Sen. Mitt Romney: Republicans ‘Would Be Nuts’ to Boycott Debates

Asking the 2024 GOP presidential nominee to join the Republican National Committee’s boycott of debates run by the Commission on Presidential Debates ”would be nuts,” according to Sen. Mitt Romney, R-Utah.

”The American people want to see candidates for president debating issues of consequence to them, and it provides a service to the country and to the people, to hear the prospective candidates of the two major parties duke it out,” Romney told Business Insider.

Romney’s remark comes as his niece Ronna Romney McDaniel, chair of the RNC, told the CPD in a letter that the party is going to impose a stipulation that its nominee must agree not to participate in CPD-sponsored debates.

The RNC, frustrated by the treatment of former President Donald Trump in the past presidential election campaign, has sought dialogue on reforms to the CPD and future  debates.

That election cycle featured just one presidential debate between Trump, the incumbent,  and then-candidate Joe Biden. Trump was rejected from attending a second debate after he was hospitalized with COVID-19, and the Biden campaign declined to work with the Trump campaign to reschedule or hold a third debate.

The Trump campaign was rejected by the CPD and the Biden campaign in its request for four debates in 2020.

Analysts historically give a challenger an edge in a first debate and the incumbent president an advantage in latter-stage debates.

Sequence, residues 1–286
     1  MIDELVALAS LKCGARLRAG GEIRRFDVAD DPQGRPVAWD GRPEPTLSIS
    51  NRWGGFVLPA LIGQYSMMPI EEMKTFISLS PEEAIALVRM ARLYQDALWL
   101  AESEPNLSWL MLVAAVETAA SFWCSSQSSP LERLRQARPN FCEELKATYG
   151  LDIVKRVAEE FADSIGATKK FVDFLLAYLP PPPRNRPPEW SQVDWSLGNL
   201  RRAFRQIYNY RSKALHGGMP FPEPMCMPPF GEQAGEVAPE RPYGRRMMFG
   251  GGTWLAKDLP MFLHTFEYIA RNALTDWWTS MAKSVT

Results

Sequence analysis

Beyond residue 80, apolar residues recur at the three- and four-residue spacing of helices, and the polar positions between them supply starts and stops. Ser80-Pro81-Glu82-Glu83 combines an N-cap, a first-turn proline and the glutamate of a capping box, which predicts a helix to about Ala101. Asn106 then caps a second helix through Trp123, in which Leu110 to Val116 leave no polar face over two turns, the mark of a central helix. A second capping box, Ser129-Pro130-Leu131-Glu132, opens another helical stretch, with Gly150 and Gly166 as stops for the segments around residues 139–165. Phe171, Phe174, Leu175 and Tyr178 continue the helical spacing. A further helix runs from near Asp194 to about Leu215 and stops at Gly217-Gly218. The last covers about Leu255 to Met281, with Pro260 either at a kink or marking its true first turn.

”For years, the Commission on Presidential Debates has shown bias against Republicans,” McDaniel tweeted Thursday. ”Since they continue to stonewall common sense reforms, the RNC is leveling the playing field to make debates fair for future nominees.”

McDaniel’s position is that GOP candidates would not be barred from any debates, but they would have to agree not to participate in any controlled by CPD.

Few conservative media outlets have hosted Trump’s presidential debates. In 2016 and 2020, the debate moderators were former Fox News hosts Chris Wallace and Megyn Kelly. Neither is still with Fox News, and both had been openly critical of then-President Trump.

Republican voters ”have lost trust” in the CPD, McDaniel wrote to CPD co-chairs Frank Fahrenkopf and Kenneth Wollack.

The CPD responded to McDaniel and the RNC by saying it ”deals directly with candidates for president and vice president who qualify for participation,” The Hill reported.

Romney, himself critical of Trump, was the Republican presidential nominee in 2012, losing to incumbent President Barack Obama in an Electoral College landslide (332-206).

Romney once voted to impeach Trump, putting the RNC chairwoman in an awkward position.

”This is not the first time I have disagreed with Mitt, and I imagine it will not be the last,” McDaniel said then.

In October 2020, former Sen. Bob Dole, R-Kan., the 1996 GOP presidential nominee who died last month, tweeted that the CPD was biased because none of its members supported Trump.

White House press secretary Jen Psaki commented on the potential boycott of CPD-run debates, saying, ”I think it’s a question best posed to the RNC on what they’re so afraid of.”

The lack of fairness, McDaniel said in her tweet.


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